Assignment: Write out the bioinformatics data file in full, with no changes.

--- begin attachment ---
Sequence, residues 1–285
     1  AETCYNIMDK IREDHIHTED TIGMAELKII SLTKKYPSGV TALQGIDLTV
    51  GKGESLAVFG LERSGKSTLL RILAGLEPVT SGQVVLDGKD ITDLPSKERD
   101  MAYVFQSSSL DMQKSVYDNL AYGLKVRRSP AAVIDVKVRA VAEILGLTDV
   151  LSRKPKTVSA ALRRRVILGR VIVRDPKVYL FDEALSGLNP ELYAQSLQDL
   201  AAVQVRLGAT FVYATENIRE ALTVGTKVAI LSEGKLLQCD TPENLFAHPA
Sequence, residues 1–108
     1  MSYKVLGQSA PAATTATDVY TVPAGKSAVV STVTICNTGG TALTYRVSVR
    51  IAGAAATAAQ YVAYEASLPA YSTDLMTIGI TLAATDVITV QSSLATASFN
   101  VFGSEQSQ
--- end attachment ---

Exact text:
Sequence, residues 1–285
     1  AETCYNIMDK IREDHIHTED TIGMAELKII SLTKKYPSGV TALQGIDLTV
    51  GKGESLAVFG LERSGKSTLL RILAGLEPVT SGQVVLDGKD ITDLPSKERD
   101  MAYVFQSSSL DMQKSVYDNL AYGLKVRRSP AAVIDVKVRA VAEILGLTDV
   151  LSRKPKTVSA ALRRRVILGR VIVRDPKVYL FDEALSGLNP ELYAQSLQDL
   201  AAVQVRLGAT FVYATENIRE ALTVGTKVAI LSEGKLLQCD TPENLFAHPA
Sequence, residues 1–108
     1  MSYKVLGQSA PAATTATDVY TVPAGKSAVV STVTICNTGG TALTYRVSVR
    51  IAGAAATAAQ YVAYEASLPA YSTDLMTIGI TLAATDVITV QSSLATASFN
   101  VFGSEQSQ